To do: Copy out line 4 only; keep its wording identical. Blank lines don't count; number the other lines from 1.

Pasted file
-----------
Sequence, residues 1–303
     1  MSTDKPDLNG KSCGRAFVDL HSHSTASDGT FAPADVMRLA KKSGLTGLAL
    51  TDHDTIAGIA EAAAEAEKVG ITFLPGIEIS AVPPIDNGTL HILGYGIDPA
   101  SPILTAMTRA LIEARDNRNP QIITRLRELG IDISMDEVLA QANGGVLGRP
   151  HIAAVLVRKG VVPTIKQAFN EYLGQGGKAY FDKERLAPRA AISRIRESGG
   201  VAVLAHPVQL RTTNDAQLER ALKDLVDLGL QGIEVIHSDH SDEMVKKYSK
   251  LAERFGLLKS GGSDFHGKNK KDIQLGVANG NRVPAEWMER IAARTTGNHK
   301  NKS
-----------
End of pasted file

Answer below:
   101  SPILTAMTRA LIEARDNRNP QIITRLRELG IDISMDEVLA QANGGVLGRP